No, Bisexual People Don’t Have to “Pick A Side”

As a woman, bisexuality feels like being torn between two separate worlds.

Although we fall under the LGBT+ umbrella, we’re not entirely welcome there. If we can pass as straight, our sexuality isn’t trusted and we can up feeling like visitors rather than members of that community.

Daisy, 22, was surprised how excluded the gay community made her feel. She noticed that she found girls attractive in the same way as boys when she was twelve, but despite ten years of awareness, she’s pressured by her friends to “choose” to be fully gay.

“Gay and lesbian people see us as greedy and cheaters and like we’re not actually part of their community,” she told Galore, “and it’s not fair because you’d think they’d know what it’s like to not be accepted.”

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It sucks because we can end up feeling like we don’t deserve to be integrated within that community, like maybe we haven’t struggled enough to belong because we pass as straight. Keely, another member of the Galore team, feels like it totally ignores the unique problems she faces as a bisexual woman.

“It’s hard to not think, ‘oh well, gay people have it much worse, so my struggles are invalidated’,” she said. “But when you think that way, you’re erasing yourself.”

Straight people aren’t our best allies either. Perhaps you recognize this famous heterosexual proverb:  “I don’t hate gay people, I just don’t agree with them.”

We may not be gay but they’re talking about us, too. Plus, straight people opine about our mere existence, calling it “a phase,” so we’re excluded from their community while being expected to return to it one day.

“It’s so scary because when people tell you your sexuality doesn’t exist, you believe it,” Keely said. “Bi people are more pinned with the ‘it’s just experimentation’ explanation than gay people. It’s hard to be taken seriously and people want such definitive hard lines about who you are.”

We begin to question our sanity, like maybe we convinced ourselves into liking women after binge watching South of Nowhere. We avoid figuring it out and because we’re still interested in men, we might convince people that we’re straight or pressure ourselves to choose straightness, even though we can’t.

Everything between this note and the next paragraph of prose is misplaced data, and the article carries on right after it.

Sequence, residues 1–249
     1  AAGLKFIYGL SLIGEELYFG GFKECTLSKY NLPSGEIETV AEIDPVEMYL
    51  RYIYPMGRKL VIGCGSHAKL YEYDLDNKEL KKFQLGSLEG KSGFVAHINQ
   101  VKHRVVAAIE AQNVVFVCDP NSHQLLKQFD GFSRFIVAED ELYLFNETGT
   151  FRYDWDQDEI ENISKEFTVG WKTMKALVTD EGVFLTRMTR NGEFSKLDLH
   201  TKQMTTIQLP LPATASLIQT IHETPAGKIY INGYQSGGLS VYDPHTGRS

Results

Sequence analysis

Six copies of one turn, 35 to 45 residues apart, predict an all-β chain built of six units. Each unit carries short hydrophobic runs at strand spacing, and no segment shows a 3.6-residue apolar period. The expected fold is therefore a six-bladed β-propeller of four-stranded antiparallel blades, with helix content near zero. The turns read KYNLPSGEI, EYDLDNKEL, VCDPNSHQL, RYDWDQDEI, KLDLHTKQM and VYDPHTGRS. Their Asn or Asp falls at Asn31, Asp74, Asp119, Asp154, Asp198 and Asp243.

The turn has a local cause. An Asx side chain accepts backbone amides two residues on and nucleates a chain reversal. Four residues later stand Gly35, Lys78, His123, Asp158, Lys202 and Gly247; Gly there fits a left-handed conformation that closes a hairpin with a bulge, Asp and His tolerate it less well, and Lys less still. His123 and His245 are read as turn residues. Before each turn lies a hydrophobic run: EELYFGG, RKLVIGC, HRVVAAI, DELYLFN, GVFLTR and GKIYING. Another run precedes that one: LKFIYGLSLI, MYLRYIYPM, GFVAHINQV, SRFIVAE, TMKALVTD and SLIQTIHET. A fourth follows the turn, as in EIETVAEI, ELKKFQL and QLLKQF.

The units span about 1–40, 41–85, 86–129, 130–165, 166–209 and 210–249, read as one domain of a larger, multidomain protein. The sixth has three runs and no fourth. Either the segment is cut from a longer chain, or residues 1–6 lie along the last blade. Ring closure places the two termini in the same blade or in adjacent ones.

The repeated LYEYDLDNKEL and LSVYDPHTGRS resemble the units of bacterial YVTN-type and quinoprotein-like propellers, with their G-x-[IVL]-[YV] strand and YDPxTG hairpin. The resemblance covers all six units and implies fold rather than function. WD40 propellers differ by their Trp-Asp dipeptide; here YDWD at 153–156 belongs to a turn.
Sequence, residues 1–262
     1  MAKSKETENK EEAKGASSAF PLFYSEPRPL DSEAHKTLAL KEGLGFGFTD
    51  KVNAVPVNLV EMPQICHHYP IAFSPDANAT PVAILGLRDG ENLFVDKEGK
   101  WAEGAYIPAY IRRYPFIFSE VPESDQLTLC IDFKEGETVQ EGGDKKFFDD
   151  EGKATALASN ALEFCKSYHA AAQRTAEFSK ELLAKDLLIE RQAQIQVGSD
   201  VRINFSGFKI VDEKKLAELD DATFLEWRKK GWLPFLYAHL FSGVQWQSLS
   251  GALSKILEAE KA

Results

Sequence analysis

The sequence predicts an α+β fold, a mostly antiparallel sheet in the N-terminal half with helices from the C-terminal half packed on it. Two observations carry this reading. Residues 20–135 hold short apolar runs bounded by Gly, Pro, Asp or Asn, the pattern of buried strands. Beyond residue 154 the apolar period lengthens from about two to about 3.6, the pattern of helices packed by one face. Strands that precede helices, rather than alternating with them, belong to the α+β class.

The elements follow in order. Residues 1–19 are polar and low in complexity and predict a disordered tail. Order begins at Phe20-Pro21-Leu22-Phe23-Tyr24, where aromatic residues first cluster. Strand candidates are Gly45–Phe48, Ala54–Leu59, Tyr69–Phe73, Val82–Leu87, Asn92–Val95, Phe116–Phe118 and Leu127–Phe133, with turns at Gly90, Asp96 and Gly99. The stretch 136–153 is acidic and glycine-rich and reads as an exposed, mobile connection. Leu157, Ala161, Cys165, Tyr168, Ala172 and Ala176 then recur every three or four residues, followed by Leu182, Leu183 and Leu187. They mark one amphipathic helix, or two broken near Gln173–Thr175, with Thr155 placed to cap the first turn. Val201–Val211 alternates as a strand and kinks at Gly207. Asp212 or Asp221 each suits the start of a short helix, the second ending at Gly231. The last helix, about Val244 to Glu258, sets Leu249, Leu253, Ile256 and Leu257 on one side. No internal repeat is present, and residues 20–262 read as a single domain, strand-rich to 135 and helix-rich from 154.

“For a very long time, I was planning on just dating a man,” Daisy said. “I’m Indian, so when my Dad found out that I’m not straight, it caused a lot of trouble in my family. I felt the pressure to be straight.”

Personally, I haven’t told my parents anything about my sexual identity. I wonder if they’ll just never know this major detail. When I start dating a guy, I breathe a private sigh of relief that he requires no explanation.

Keely is braver than me, though. Her mom knows she likes women but struggles to understand it.

“My mom doesn’t even believe bisexuality is a thing and thinks that we should ‘pick a team’,” she said. “That’s probably why I’ve always discredited myself when it comes to my own identity.”

People mostly erase my identity when I’m in a heterosexual relationship, as if my bisexuality has evaporated. Because of that, it’s important that my boyfriend never discredits it. I can’t love someone who acts like he turned me straight or something. I also can’t be with a man who treats my sexuality like it belongs to him. Then, he’s just looking at me like an opportunity for a threesome and it’s gross and fetishy. Nothing turns me off more.

I can’t even tolerate men who do that in general, although I used to. I was at a bar one night when the manager hopped  on the microphone and offered shots to everyone if my friends and I made out. Drunk at 2 a.m., we all did it. The next day, my guy friends were posting pictures of themselves posing in front of us. They acted like they were at the strip club and had captions about how real the night had been. I wanted to barf.

I couldn’t place why at the time but it felt dehumanizing. These were the same dudes who wouldn’t welcome gay men in their social circles but treated women kissing like an exhibit at the zoo. They could only celebrate lesbians, but they needed to feel like those women belonged to them. It had to be a performance. And I felt like it undermined my desire to be taken seriously. It made me seem fake when people were already discrediting me. I stopped playing along.

I revisit that night in the bar sometimes, especially when people tell me that bisexual women make LGBT+ people look bad. I used to agree because I felt so much shame. I’d let people use my behavior to justify why bisexuality gets so much hate, but ultimately that blame was misplaced. It’s not my job, or any bisexual woman’s job, to convince people we exist and are worthy of respect. We just have to live our identities in a way that feels good, possibly making mistakes along the way.

Meanwhile, other communities can help by trusting us. We’re not struggling to pick a side, we are a side. So stop asking us to pick yours.

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